- Either spouse was physically unable to have sexual intercourse (“consummate the marriage”) and the other spouse did not know of the lack of physical ability at the time the marriage ceremony was performed;
- Either spouse was under 18 at the time of the marriage and the marriage was not “confirmed” by such underage party after reaching legal age. Note: Only the spouse who was underage, or his/her parent or guardian, can file for an annulment no later than one year after the date of the marriage;
- The marriage is prohibited by law and therefore void – here are some examples of void marriages:
- your spouse is already legally married to someone else (bigamy);
- you married your sibling, half-sibling, uncle, aunt, niece, nephew, or first cousin;
- either spouse is on probation or parole and did not file with the marriage-license clerk a written consent to the marriage from the appropriate person in the court or institution that granted the probation or parole.1
Note: There are certain time limits to file for an annulment based on the ground that you are alleging, and in some situations, only one spouse can file. The rules are:
- To file under the grounds for annulment listed in numbers 1 – 4, only the aggrieved (wounded) spouse can file the annulment. It must be filed within 90 days after s/he becomes aware of the described condition (i.e., incapacity, fraud, threats, or joke or dare).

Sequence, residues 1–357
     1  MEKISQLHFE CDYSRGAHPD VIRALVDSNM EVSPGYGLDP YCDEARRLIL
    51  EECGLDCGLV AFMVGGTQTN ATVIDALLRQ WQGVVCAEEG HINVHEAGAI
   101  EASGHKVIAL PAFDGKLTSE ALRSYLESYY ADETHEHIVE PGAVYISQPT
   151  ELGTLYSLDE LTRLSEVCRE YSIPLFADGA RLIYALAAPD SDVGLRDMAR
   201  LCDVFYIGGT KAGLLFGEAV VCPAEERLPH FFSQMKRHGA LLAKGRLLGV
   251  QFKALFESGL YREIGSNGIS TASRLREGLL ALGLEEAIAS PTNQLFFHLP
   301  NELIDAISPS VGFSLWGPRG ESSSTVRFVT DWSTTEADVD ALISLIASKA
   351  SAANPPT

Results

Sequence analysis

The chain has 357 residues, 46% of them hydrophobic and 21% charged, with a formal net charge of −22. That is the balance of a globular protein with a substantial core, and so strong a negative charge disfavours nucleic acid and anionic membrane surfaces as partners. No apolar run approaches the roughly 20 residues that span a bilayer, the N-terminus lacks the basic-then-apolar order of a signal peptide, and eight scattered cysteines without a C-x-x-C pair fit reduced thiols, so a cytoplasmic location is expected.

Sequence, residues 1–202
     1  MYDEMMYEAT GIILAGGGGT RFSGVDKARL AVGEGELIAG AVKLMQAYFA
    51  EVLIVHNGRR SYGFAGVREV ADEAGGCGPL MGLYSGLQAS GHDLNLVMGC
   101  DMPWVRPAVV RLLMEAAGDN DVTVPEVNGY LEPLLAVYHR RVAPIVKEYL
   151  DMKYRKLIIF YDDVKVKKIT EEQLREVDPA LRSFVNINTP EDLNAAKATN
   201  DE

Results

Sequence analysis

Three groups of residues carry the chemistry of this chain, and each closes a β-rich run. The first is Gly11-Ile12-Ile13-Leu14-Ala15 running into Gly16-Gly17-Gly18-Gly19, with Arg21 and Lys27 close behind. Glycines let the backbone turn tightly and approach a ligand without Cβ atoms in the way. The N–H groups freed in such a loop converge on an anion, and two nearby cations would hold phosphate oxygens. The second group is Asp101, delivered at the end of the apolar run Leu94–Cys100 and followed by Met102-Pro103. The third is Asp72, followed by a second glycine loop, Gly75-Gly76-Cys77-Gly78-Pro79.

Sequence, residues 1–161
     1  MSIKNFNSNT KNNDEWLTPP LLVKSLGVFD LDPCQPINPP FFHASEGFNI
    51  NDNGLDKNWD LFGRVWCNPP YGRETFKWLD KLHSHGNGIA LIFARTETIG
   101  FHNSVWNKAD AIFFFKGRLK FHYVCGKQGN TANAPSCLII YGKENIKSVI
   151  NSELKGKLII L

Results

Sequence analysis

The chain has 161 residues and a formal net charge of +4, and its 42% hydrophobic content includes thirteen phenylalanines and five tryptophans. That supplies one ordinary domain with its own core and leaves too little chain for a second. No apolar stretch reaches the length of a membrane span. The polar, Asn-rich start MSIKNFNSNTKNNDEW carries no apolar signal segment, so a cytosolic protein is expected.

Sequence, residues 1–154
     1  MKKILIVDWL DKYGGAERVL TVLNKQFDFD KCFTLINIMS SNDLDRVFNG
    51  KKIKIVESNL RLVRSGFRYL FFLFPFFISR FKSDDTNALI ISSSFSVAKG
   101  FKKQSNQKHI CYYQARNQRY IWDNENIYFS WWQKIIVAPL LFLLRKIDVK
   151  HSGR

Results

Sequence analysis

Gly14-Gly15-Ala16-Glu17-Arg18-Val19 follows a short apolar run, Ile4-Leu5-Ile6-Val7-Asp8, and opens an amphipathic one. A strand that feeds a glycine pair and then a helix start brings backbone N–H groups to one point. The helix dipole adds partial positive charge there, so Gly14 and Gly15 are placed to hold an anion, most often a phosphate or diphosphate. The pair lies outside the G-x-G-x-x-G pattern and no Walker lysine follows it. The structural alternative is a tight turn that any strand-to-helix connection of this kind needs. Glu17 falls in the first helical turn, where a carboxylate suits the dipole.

- To file under the grounds for annulment listed in number 5, either spouse can file for an annulment no later than one year after s/he becomes aware of the lack of ability.
- To file under the grounds for annulment listed in number 7, either spouse can file at any time before the death of either spouse. It can even be filed after the death of a party within certain time limits.1
In an annulment proceeding, property can still be divided up, just like in a divorce. Also, children born in the marriage are still considered to be “legitimate.”2
1 13 Del.C. § 1506(a), (b); see also 13 Del.C. § 101(a), (b)
2 13 Del.C. § 1506(c), (d)
What are the residency requirements to file for divorce in Delaware?
To file for divorce in Delaware, either spouse must live in the state or be stationed in the state as a member of the armed services of the US for at least 6 months before the filing of the petition.1 Note: The court can have jurisdiction (power) over divorces and annulments of same-gender marriages that are solemnized in Delaware or created by conversion of civil unions pursuant to the laws of Delaware, even if neither resides in Delaware. For more information, please consult an attorney. You can find legal referrals on our DE Finding a Lawyer page.
1 13 Del.C. § 1504(a)
Will the judge decide who gets custody of my pet?
If the judge determines that a pet (“companion animal”) is marital property, usually because it was obtained during the marriage, the judge can award ownership of the pet to one or both spouses. The judge can also assign responsibility for veterinary or other extraordinary expenses to one or both spouses.1 When making this decision, the judge should take into consideration the well-being of the pet, considering factors such as:
- the ability of each party to own, support, and provide necessary care for the pet;
- the attachment between the pet and each of the parties;
- the time and effort each party spent with the pet during the marriage tending to the animal’s needs.2
After the judge makes an order of joint ownership, either party may later file a petition based on a substantial change of circumstances to ask for sole ownership due to the pet’s welfare and the totality of the circumstances.3